The peculiar relationship between Jessie and Maurice evolves in a fraught but reciprocally sympathetic way. He is enchanted by her and she is strangely intrigued by him. Although prostate treatment makes him impotent (as well as somewhat incontinent) he still can take a “theoretical interest” in Jessie – for which mere theoreticalness she “thank[s] Christ!” Because of it, Maurice’s increasing yet doomed “forwardness” as Jessie puts it, is tolerated, strictly on her terms, albeit somewhat mitigated by his ingenuous pursuit of pleasure, his charm and his tenderness – all of which seems inspired by his talent and reputation as an actor.

The familiarity between Jessie and Maurice having been established, she persuades him to allow her and her boyfriend to use his flat for a liaison. Maurice unhappily accedes, but later finds the arrangement intolerable. An altercation occurs and the couple rush out, leaving Maurice’s front door insecure. He is subsequently the victim of a burglary. Jessie later returns, discovers what has happened, and feeling guilt, if not compassion, agrees to care for him. Toward the end of the film, despite his now very weak condition after the robbery, with the help of Jessie, Maurice returns to the seaside where he used to live and where the film opened. Supported by her, he paddles gingerly at the water’s edge. Moments later, resting against the breakwater and leaning on Jessie, he dies.

At his wake, Jessie meets Maurice’s wife Valerie (Vanessa Redgrave). Their conversation is empathetic and kindly. In her memory, Jessie returns to Maurice’s empty flat, where the painting of the seashore is the focus of her attention and ours. The film closes with Jessie returning to her role as model for the life-class. On the first occasion she was ‘naked’: now she disrobes confidently – she is ‘nude’. She assumes the pose of Velazquez’ Venus, this image of her then dissolving into the picture itself, an easel being replaced by the goddess’s mirror, and cupid replacing a student.

Representation and Imitation

Like a hall of mirrors, this film is a study in representation. The shifts in representational modes within this motion picture include between: an ‘actual seashore’; a painted depiction of it; a theatrical production and ‘real’ reaction to it; the Velazquez painting of Venus, with reference to another, classical Venus; the process of film-making, and black and white, still photography. The real seashore and its painted version are complementary depictions: the painting has a static permanence, the seashore is constantly changing; both exist outside the film, but both are also illusions on the screen. During an intense discussion where Jessie’s face is dramatically side-lit, the audience seems to be invited to speculate on the uncanny resemblance to the face in Ingres’ La Grand Odalisque – alluding to an actual painting not depicted in the film, and a disconcerting reference to a female slave of a harem.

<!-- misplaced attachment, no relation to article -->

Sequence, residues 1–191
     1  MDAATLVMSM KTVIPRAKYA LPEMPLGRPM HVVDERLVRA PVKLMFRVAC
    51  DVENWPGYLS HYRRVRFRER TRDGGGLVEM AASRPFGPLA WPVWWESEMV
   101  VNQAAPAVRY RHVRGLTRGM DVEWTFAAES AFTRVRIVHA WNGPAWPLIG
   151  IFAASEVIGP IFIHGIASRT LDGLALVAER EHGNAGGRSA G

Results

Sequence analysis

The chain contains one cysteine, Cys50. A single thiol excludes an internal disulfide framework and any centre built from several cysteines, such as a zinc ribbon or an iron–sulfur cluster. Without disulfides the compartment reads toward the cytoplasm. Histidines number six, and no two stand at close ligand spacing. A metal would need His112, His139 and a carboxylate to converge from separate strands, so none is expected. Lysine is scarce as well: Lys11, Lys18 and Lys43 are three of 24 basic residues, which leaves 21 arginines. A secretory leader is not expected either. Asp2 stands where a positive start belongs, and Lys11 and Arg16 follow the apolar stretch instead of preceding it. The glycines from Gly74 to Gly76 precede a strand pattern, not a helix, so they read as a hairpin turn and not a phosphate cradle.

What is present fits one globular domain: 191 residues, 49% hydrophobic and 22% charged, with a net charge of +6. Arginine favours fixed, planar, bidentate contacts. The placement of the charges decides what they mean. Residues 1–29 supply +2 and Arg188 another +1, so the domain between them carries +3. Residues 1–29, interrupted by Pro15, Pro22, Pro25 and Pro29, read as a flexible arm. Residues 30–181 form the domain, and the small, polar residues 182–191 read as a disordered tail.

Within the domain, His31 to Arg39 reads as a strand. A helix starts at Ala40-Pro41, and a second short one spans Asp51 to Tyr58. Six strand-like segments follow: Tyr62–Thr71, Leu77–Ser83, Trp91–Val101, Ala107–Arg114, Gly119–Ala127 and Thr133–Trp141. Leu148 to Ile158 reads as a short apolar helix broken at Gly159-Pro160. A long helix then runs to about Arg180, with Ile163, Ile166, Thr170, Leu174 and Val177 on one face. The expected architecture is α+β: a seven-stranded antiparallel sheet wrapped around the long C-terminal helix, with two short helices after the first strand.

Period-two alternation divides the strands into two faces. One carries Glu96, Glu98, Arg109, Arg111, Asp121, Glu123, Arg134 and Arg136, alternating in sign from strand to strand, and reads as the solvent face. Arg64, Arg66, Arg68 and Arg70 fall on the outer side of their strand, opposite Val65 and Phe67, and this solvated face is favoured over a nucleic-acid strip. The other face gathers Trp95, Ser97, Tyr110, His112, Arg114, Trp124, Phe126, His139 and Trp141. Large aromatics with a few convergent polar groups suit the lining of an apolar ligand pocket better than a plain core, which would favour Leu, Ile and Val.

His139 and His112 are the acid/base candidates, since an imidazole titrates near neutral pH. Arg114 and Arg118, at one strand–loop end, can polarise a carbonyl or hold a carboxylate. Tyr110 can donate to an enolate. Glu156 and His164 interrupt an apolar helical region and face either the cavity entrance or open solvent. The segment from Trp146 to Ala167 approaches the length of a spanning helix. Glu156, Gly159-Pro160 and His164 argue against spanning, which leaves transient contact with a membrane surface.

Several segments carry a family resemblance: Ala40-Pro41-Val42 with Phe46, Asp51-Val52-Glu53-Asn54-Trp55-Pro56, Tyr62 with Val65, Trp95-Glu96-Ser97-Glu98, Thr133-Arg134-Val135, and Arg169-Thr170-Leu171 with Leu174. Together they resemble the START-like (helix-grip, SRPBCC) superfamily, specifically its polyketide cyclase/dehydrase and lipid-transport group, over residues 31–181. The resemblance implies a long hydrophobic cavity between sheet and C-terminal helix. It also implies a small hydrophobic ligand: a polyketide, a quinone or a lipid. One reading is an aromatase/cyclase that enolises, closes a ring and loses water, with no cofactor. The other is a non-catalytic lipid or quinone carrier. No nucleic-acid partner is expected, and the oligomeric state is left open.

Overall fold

Such contrasts and relationships between ‘real life’ and artifice are used to weave the narrative. A visit to the theatre planned for Maurice and Ian is changed due to Ian’s falling asleep in the flat, and Jessie takes his place. Jessie’s reaction to the performance and Maurice’s interest in her reaction stress the contrast with ‘live’ performance, audience reaction, and response to that reaction. A device with a similar kind of reflexive feature is the film-making sequence, wherein Maurice as an actor in a costume drama is watched by Jessie: as character; as celebrity actor resting between takes; and as ‘plain’ Maurice.

Velazquez’ Venus (in the National Gallery in London) appears in the film – another painting, but here representing a mythical rather than a real subject (eg a seashore). These contrasting kinds of pictorial imitation relate to states of mind in which to contemplate and respond to the human form, and they’re present in Maurice’s mind simultaneously: for him it is as though Plato’s ‘Venus Celestial’ and his ‘Venus Vulgar’ fuse into one (cf Kenneth Clarke, The Nude, p.64), or perhaps that this classical dichotomy is suspect anyway. Jessie’s conception of Venus shifts disconcertingly from one view to the other until the final moments of the film. As one example, following the incapacitating effect the robbery has on Maurice, Jessie elects to display to him her “beautiful” breasts – another intentionally generous, if inept, intimate moment.